Sorry for not including a question but I really, really liked the fact that paizo thought laterally when it came to expanding the game's power level rather than just repeating 3.5's Epic rules approach. It was very disappointing to watch the criticism rapidly devolve from constructive to vitriolic - especially given there was so much to love in both mythic rules and the AP!


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J-Bone wrote:
I got the chance to play a Hill Giant in Giantslayer, from Rite Publishing's fantastic In the Company of Giants book and it made for a fantastic experience. Sure it added work to my GM but she and I had talked about it ahead of time and I managed to get her pretty excited for the possibilities it entailed. Thing about playing these RPGs, no matter your race your an exceptional representative of that race. So the idea that you could be an exceptional hobgoblin who goes against the societal momentum is a recipe for an interesting story, if your GM is on board to tell it. My exceptional Hill Giant, who I played very much as the gentle giant type, added a lot of depth to the game as I was able to take the position of the insider who rebelled against the BBEGs. Ultimately, so long as you have a good story to tell, and a GM willing to help tell it, I say go on with your Hobgobby self!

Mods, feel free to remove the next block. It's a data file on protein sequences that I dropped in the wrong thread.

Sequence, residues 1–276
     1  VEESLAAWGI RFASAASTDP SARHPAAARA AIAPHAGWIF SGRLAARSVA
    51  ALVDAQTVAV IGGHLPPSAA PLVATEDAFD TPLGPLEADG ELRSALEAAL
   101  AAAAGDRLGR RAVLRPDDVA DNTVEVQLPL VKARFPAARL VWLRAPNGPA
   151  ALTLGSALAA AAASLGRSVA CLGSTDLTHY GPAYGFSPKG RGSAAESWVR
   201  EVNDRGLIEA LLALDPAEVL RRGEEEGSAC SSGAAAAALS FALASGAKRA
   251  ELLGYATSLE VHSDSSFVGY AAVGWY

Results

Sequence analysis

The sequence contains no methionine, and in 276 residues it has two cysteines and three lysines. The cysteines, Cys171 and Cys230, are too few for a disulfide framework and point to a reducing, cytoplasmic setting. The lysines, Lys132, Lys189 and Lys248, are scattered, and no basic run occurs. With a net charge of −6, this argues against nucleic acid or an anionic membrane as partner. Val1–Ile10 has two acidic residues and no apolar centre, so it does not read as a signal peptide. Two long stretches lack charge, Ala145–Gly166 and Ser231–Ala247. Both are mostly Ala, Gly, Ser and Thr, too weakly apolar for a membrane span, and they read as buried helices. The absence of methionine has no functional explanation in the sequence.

It can certainly work - I remember tbug's awesome game reports of RotRL with an all goblin party. Nonetheless, it's also worth acknowledging that you're changing the assumptions of the AP pretty significantly.